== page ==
We challenge our contributor to reply to ten devilishly probing questions about their London and we don’t take “Sorry Gov” for an answer. Everyone sitting in the hot seat will face the same questions that range from their favourite way to spend a day out in the capital to their most hated building on London’s skyline to find out just what Londoners really think about their city. The questions might be the same but the answers vary wildly.
[B]ugwoman is a life-long Londoner and urban wildlife enthusiast. She loves knitting enormous multi-coloured blankets because she doesn’t have to worry about whether they’ll fit. She spent a month working with baby chimpanzees in Cameroon and was parasitised by a botfly. She somehow became an accountant and IT trainer, but writing is her real love. She pens a regular column for Earthlines magazine, which allows her to exercise her serious side. Her twice-weekly blog is largely about the plants, animals and people that she discovers within half a mile of her East Finchley home, though she does occasionally have expeditions to other places. She is currently volunteering as an English teacher with refugees and asylum-seekers, because London is traditionally a welcoming place, and she wants to keep it that way.
What’s your secret London tip?
People are a lot friendlier than they look, but not before 9 a.m.
What’s your secret London place?
St Pancras and Islington Cemetery in East Finchley. There are tangled paths amongst forgotten Victorian graves, foxes drifting through the undergrowth, a family of kestrels and some very interesting people.
What’s your biggest gripe about London?
Parents who allow their children to run around kicking the pigeons. Pigeons are Londoners too!
What’s your favourite building?
The British Library. Once you’ve become a reader (which is free, the biggest bargain in London) you have access to almost limitless information. Many a blogpost and column has been researched in that red-brick cornucopia of knowledge.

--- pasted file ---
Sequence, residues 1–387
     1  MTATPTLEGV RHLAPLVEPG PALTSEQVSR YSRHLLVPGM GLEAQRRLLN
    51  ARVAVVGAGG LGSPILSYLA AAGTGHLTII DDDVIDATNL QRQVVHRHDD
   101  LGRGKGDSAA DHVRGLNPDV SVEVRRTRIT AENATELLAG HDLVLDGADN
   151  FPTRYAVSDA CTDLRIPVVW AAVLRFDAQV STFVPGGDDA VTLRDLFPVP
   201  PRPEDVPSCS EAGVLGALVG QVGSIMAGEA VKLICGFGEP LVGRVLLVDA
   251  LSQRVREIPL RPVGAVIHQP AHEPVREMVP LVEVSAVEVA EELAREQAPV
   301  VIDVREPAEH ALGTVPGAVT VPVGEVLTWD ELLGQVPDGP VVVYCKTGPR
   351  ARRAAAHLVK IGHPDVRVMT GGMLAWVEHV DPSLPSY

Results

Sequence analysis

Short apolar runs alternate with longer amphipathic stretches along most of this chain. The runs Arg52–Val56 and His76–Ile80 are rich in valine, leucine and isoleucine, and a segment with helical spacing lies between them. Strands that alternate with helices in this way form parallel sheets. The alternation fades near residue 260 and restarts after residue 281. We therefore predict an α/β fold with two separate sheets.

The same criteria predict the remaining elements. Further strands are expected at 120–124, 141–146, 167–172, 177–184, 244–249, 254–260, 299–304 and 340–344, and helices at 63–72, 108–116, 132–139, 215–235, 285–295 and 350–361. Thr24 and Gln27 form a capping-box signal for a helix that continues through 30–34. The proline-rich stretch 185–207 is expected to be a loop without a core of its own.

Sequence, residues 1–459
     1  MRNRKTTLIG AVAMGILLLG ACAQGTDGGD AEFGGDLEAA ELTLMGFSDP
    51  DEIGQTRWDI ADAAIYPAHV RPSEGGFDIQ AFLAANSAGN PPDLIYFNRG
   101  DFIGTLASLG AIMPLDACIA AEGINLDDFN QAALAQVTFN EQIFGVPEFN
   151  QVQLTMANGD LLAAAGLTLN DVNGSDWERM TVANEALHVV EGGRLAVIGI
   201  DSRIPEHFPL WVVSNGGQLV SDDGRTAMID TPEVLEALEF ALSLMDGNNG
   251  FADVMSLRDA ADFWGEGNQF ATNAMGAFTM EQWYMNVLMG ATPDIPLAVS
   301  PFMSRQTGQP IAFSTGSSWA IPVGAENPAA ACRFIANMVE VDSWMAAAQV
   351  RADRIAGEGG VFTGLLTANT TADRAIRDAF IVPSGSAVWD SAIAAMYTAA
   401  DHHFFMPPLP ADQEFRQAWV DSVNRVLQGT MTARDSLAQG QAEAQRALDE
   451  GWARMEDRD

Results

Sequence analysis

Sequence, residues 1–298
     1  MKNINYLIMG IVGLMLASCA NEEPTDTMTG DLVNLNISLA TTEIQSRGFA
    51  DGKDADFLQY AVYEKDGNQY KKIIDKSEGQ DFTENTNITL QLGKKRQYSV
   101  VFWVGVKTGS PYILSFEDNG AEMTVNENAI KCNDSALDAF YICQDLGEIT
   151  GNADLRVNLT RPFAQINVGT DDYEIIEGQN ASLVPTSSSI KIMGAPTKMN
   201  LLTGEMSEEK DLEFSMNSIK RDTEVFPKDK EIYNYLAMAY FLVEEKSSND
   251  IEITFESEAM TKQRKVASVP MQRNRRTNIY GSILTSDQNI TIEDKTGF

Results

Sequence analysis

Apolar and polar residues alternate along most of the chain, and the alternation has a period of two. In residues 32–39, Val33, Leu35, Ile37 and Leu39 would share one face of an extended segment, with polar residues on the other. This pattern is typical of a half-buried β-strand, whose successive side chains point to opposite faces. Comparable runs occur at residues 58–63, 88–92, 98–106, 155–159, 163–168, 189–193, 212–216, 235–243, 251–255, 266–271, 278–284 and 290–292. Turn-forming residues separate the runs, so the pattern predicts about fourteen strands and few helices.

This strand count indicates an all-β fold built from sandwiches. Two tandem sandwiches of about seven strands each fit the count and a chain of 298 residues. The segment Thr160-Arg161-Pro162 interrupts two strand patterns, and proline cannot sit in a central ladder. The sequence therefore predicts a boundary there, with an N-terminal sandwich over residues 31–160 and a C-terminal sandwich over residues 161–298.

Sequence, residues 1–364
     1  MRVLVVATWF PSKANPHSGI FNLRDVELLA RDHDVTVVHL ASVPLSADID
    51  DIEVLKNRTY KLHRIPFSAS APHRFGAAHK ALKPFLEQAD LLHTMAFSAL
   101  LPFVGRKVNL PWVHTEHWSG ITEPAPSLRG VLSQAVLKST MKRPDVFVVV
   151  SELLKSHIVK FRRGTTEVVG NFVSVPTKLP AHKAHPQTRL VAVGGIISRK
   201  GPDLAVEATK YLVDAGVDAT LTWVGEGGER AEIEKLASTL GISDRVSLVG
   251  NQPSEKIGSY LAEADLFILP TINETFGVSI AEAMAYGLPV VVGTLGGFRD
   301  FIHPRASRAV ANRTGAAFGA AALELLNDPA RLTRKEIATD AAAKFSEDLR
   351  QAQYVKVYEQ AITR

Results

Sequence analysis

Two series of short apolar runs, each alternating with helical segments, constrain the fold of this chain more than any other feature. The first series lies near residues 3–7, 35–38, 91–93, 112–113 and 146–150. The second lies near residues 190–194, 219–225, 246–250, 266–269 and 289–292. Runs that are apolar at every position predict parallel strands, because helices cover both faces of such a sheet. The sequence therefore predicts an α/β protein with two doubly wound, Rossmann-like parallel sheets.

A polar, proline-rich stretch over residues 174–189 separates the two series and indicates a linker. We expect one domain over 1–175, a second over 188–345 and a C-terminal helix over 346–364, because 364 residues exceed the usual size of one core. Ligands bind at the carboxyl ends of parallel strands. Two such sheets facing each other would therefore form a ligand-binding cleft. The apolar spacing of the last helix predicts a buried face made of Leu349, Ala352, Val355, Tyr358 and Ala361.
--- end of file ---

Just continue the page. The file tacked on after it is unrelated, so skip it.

What’s your most hated building?
Minster Court, with its Albert Speeresque horses and a mish-mash of architectural styles. And the new UBS building on Broadgate is no better. Some buildings seem to bully those who look at them.
What’s the best view in London?
I love the view from Vertigo 42 Champagne bar in what used to be called the Nat West Tower. But truthfully, my favourite view is uphill from East Finchley station when I’m fresh off the tube and on my way home.
What’s your personal London landmark?
The statue of The Archer at East Finchley station by Eric Aumonier. The Archer has fired an arrow into what is now Cherry Tree Wood, but which was once the hunting grounds of the Bishop of London. I love the link with the area’s past, and the statue itself is very fine. Plus, of course, it tells me that I’m back on my ‘territory’.
What’s London’s best film, book or documentary?
In non-fiction, any of the London books of Jerry White – I loved Zeppelin Nights, about London during the First World War, but I read everything he writes. He deepens and broadens my understanding of my city.
In fiction, I recently read Absolute Beginners by Colin MacInnes. It’s starting to look a lot less as if it’s describing a bygone age, unfortunately.
What’s your favourite bar, pub or restaurant?
Can I have three? For a special occasion, Vanilla Black, a fine-dining vegetarian spot that has remarkable food. For something a bit less posh, The Gate at Islington, also vegetarian. And locally, an Italian on Church Lane called Rugoletta, which is cramped and noisy, but which creates such delicious food that any discomfort is immediately alleviated.
How would you spend your ideal day off in London?
A flat white, the Guardian and some writing time in Costa Coffee in East Finchley, followed by a slow walk through St Pancras and Islington Cemetery with my camera, stopping frequently to look at an interesting tombstone or to try to take a photo of a fox or some baby long-tailed tits. There’s something about walking in the cemetery that puts things in perspective, and for anyone with an interest in natural history, there is always something interesting to see.